How to Invest $20,000 Now to Help Pay for College

The holiday season is nearing, and you may be out of gift ideas. Gift your children a debt-free education with an easy $2,000 investment every year.

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According to a 2018 RBC report, Canada’s tuition rates have tripled since the 1990s. The average student loan debt is $15,300 for college graduates and $28,000 for university graduates (according to Statistics Canada). With this growing cost, it currently takes roughly nine to 15 years to repay an education loan.

The cost of going to college 

Canada’s education inflation is growing faster than overall inflation. This year, undergraduate tuition fees surged as much as 12%. Someone born in 2018 will have to shell out $70,000 for a four-year program by the time they reach college in 2037. And if you add in living expenses, the cost could go up to $128,000. Needless to say, managing student loans early in life will stress your finances. 

Pay for college with your own money 

You can help your children get ahead by investing $2,000 a year for the next 10 years in a Registered Education Savings Plan (RESP). You get the $2,000 tax deduction, and your kid gets a leverage-free education. So how can you get started? 

You need stocks that can beat education inflation and convert $20,000 into $70,000-$100,000 in 10 years. To achieve this target, your portfolio should have a compound annual growth rate (CAGR) of 20%. Here are two long-term growth stocks that could help pave the way on the road to college. 

Descartes Systems stock 

Descartes Systems (TSX:DSG)(NASDAQ:DSGX) is a long-term growth stock with a 20% CAGR. Global trade is becoming more complex every year, creating demand for more efficient solutions to manage supply chains and logistics. Geopolitical tensions are changing the global supply chain, which could take five to seven years to adjust. Descartes’s supply chain solutions help companies comply with the fast-changing environment by offering route mapping, customs and compliance, and logistics planning. 

Moreover, Descartes has enhanced its e-commerce offerings to tap the door delivery market. Its customers are spread across various verticals like manufacturing, retail, and transportation. All these verticals grow with the economy. If there’s a pullback, there is also an equally strong bounceback, making Descartes a definite buy in a dip. 

The stock proved its elasticity in the previous crisis. During the 2018 trade war, DSG stock dipped 27% as the United States and China imposed several restrictions on semiconductor exports, reducing trade volumes. At that time, Descartes saw a significant surge in its compliance solutions, and its stock bounced back 66% in 2019. During the 2020 pandemic, local retail and manufacturing was affected due to lockdowns. But demand for Descartes’s e-commerce solutions increased, and its stock surged 94% in a year.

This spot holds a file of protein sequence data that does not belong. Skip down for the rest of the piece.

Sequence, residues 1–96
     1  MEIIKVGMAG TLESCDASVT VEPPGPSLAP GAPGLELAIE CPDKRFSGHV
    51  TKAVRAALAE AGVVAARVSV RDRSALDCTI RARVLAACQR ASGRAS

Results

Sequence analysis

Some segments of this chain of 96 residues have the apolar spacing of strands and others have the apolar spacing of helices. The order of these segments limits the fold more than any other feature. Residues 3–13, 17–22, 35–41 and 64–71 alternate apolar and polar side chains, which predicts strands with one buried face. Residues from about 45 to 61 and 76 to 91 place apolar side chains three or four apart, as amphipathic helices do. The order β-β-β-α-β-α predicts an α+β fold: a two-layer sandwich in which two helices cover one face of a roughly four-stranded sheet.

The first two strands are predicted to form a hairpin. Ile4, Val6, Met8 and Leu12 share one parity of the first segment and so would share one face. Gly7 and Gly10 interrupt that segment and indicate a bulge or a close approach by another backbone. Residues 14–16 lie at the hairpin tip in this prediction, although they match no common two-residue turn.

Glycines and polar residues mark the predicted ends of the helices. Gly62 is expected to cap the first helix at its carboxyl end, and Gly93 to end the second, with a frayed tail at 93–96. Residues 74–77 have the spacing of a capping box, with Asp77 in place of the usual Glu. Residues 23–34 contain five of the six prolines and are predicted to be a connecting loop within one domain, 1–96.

Now, Descartes’s stock has dipped 35% because of the tech stock sell-off and the supply chain disruption resulting from the Russia-Ukraine war. Nations are rebuilding new supply chains, creating demand for Descartes solutions. Its stock price has increased by 16%. Now is the time to book your chance to earn a 60% return in 2023 and 20% CAGR till your kid goes to college. 

goeasy stock

Believe it or not, the stock of non-prime lender goeasy (TSX:GSY) surged at a 30% CAGR between 2015 and 2020. The company’s business model aims to provide small loans between $500 and $75,000 to those who can’t secure loans from traditional banks due to weak credit scores or other reasons. With higher risk comes higher interest. 

goeasy’s turnover depends on the number of loans originated, and profit depends on the number of loans repaid with interest. If the turnover is high, profit will be low initially but grow later as it earns interest. This model not only generated growth in a strong economy but also allowed goeasy to sustain the 2009 financial crisis. As a small-cap stock, any economic improvement brings significant stock price momentum. goeasy stock has a limited downside as the company sets aside a certain amount for bad debt provisions. 

In the current scenario, rising interest rates have made borrowing difficult, shifting loan demand to lenders like goeasy. Loan originations surged 70% in the second quarter, but the stock price fell over 50% due to the increased risk of bad debt. As the economy recovers, the stock could jump 100% and later return to 30% or less CAGR, helping your kid go to college loan-free. 

This article represents the opinion of the writer, who may disagree with the “official” recommendation position of a Motley Fool premium service or advisor. We’re Motley! Questioning an investing thesis — even one of our own — helps us all think critically about investing and make decisions that help us become smarter, happier, and richer, so we sometimes publish articles that may not be in line with recommendations, rankings or other content.

Fool contributor Puja Tayal has no position in any of the stocks mentioned. The Motley Fool recommends DESCARTES SYS and Descartes Systems Group. The Motley Fool has a disclosure policy.

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